In the long term, all plants need fertilizer. The trade offers a sheer mass of universal as well as special fertilizers. Whether in liquid form, as sticks or granules for mixing into the plant substrate. Among them is also a nitrogen fertilizer made from horn shavings. We explain what it is all about.
A more exotic way to provide nutrients to one’s plants is to fertilize with horn shavings, a granule made from cattle horn and hooves. Compared to artificial fertilizers, horn shavings offer the following advantages:
- Renewable raw material
- More compatible with the soil
- Overdosage almost impossible
- Long-term effect
Horn shavings – nitrogen fertilizer with long-term effect
Cattle horn is naturally high in nitrogen. Nitrogen is considered one of the most important nutrients for plants, but is only present in small quantities in the local soils. Therefore, it is necessary to help out here. Horn shavings are ideally suited for this purpose, as they contain hardly any other substances and thus do not unnecessarily burden the soil with potassium, phosphates and the like.
Unlike many artificial fertilizers, horn shavings cannot develop their effect in the soil on their own. This requires the assistance of various soil organisms. Only when fungi, microorganisms, bacteria and the like decompose the horn shavings in the soil, the nitrogen contained therein is released.
Horn shavings, horn grit and horn meal
The speed of decomposition depends, among other things, on the size of the crushed horn particles. Usually, the trade offers three different variants:
The coarsest form is horn shavings. The horn particles are coarsely ground and can be several millimeters in size. The decomposition takes a relatively long time, which makes this variant a long-term fertilizer. The effective period is usually several months.
Somewhat finer than horn shavings is the so-called horn grit. The material as well as the contained nutrients are the same, but horn grit is more strongly ground. Accordingly, the decomposition of the horn and the release of nitrogen and. Co to soil and plants.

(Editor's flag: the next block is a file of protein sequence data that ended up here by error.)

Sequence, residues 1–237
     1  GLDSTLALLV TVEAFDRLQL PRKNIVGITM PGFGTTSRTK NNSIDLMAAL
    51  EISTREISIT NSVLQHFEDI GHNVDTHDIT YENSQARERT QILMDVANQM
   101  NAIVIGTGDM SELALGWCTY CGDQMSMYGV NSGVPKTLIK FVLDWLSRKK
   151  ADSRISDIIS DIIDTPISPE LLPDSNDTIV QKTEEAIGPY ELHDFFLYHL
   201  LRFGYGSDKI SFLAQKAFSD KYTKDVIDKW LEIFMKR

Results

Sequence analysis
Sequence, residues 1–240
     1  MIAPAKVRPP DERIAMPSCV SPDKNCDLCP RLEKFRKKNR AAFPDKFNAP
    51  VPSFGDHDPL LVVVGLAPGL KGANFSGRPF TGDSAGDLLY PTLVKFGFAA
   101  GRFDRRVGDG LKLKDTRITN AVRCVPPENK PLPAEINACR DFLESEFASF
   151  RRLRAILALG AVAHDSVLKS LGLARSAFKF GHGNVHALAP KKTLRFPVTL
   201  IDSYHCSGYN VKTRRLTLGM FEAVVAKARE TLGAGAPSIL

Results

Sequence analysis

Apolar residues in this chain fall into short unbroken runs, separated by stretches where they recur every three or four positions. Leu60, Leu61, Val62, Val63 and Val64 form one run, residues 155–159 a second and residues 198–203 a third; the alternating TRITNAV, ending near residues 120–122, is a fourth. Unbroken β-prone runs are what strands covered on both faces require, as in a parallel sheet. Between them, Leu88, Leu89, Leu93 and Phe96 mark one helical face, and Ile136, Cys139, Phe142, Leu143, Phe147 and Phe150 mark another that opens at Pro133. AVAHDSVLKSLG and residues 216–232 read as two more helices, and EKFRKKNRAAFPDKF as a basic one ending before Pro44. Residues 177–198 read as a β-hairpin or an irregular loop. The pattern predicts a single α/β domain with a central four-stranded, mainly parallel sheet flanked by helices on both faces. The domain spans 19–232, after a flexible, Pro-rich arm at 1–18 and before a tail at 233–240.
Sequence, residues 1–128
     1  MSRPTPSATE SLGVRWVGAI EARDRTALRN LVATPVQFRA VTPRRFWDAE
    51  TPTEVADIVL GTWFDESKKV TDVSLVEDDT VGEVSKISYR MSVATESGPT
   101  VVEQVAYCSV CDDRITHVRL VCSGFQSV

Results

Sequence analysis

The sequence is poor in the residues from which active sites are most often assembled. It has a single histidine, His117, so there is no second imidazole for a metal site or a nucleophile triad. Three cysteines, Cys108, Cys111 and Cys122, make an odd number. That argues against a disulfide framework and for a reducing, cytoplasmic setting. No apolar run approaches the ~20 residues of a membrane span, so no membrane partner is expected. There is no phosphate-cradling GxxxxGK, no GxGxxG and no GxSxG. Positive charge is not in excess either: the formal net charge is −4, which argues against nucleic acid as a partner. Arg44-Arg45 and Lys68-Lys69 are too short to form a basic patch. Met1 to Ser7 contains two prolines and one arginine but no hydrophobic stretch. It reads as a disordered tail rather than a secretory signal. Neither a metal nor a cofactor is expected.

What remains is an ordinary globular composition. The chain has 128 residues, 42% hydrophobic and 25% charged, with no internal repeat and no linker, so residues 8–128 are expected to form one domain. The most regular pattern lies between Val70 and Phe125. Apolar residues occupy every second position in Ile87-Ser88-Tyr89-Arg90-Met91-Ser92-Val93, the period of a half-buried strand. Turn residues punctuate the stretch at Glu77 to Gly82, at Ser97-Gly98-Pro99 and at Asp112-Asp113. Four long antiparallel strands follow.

Horn meal is the most finely ground variant of biofertilizer. The release of nutrients is correspondingly the fastest.
Temperature, moisture content as well as the aeration of the soil are also decisive for how quickly the horn shavings fertilizer unfolds its effect.
Tip: Mix the horn shavings with fresh compost soil. This usually contains a lot of microorganisms, fungi and bacteria, which then immediately start to decompose the horn shavings.
Mixing horn shavings fertilizer and compost soil also has another advantage: the compost supplements the nitrogen of the horn shavings with other nutrients that the plants urgently need for healthy growth.
As an alternative to compost, you can also supplement the horn shavings with manure or animal meal. Which of these is most suitable depends on the plants in question, on the one hand, and on the given soil properties, on the other.
Other animal slaughter waste such as blood and bones can also be used for fertilizing. How to fertilize with blood and bones, read here.
How to use horn shavings as fertilizer?
Vegetable plants such as cabbage, pumpkin, eggplant or cucumbers have a high nitrogen requirement, which is why fertilizer made from horn is ideal here. An added bonus here is that horn shavings can deter slugs. To do this, simply spread the shavings all around the plant in question on the surface of the soil.